by Viv Obarski
This should’ve been John Cho’s year. For awhile he floated around as “Hey it’s that guy from American Pie!” and then rose to relative prominence thanks to Harold and Kumar. But instead of getting bigger roles that other actors would have gotten, Cho’s always seemed to be stuck in the supporting role as opposed to leading man, be it in Star Trek, Ugly Betty, How I Met Your Mother, Go On and Sleepy Hollow. In other words, he was always that guy you recognized and knew you could count on for a good supporting character role.
That’s all well and good, and it pays the bills, so one can hardly be upset about that. But with Selfie (RIP, gone too soon), Cho showed all the marks of a good leading man — he was deft at comedy and drama, generated chemistry with his co-lead Karen Gillan and can sing (if you saw the karaoke episode you know what I’m talking about). For most people with a known name and solid resume, this would probably be enough to catapult him into leading man status. But it hasn’t happened yet, to my and probably others’ frustration.
It’s easy to point at Hollywood and say that it’s another example of racism in which producers can’t imagine an Asian American man in a leading role. But it’s also endemic in how Hollywood producers are unwilling to change the idea of what a leading man is supposed to be or look like. It’s the age old-case of assuming what the audience wants and missing the mark by miles.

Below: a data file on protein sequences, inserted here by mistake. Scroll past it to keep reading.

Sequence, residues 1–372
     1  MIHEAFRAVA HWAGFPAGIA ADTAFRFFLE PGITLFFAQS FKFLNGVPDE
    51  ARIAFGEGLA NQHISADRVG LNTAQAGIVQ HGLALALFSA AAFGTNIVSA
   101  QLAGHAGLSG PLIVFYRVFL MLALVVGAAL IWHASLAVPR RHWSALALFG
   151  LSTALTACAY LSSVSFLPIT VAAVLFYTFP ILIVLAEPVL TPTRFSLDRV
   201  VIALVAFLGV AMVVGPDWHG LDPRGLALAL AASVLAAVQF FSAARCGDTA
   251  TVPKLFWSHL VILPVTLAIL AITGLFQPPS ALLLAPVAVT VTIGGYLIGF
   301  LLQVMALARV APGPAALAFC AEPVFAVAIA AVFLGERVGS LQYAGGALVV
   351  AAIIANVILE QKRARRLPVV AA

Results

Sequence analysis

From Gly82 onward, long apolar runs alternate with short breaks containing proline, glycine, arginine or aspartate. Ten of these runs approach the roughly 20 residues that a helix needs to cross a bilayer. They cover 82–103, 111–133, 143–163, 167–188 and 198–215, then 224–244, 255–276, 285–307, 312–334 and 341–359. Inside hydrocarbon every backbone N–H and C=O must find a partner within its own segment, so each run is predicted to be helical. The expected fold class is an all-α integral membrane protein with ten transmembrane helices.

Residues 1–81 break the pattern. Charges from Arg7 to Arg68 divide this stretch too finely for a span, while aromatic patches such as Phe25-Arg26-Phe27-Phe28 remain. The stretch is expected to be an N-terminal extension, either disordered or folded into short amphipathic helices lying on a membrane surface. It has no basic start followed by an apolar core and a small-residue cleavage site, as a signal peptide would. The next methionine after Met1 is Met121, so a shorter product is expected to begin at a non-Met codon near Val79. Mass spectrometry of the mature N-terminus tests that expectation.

Perhaps another good example of this is Chris Pratt. Long considered a good supporting actor in comedies, Pratt really didn’t leap to the leading man status until Guardians of the Galaxy. Even then he had to prove to producers he could do it — not by taking acting classes, but by losing 50 pounds and turning everything else into muscle. While it helped with the Starlord role, I (much like his wife, Anna Faris), never thought he needed to do those things to land the big role.
This just shows a disconnect between Hollywood and its audiences. While producers may think that people want George Clooney, Brad Pitt, Johnny Depp and others in romantic and leading roles, often what people tend to identify with more aren’t those guys. They’re like the sun at times — if you look at them too much, you ended up dazzled and blinded.
Make no mistake — actresses have an even more restrictive box to fit into to be considered a leading lady (not over 40 unless you’re Meryl Streep, skinny, preferably white, maybe blond but also redheaded can be used for quirk). But on the whole, what Hollywood considered to be leading man status is often so restrictive that they end up going to England and raiding the BBC for talent. That’s why we’re seeing Benedict Cumberbatch in everything.
John Cho, for me, is among a huge plethora of actors here — Adam Scott, Steve Yeun, Justin Baldoni and Paul Rudd — who seem perfect for the everyman, leading roles, but for some reason are usually passed over in favor of Greg Kinnear or Gerard Butler (whose appeal I’m still trying to figure out). We don’t need to raid the United Kingdom for these roles. We have a plethora of actors here that can do the job as well as they can.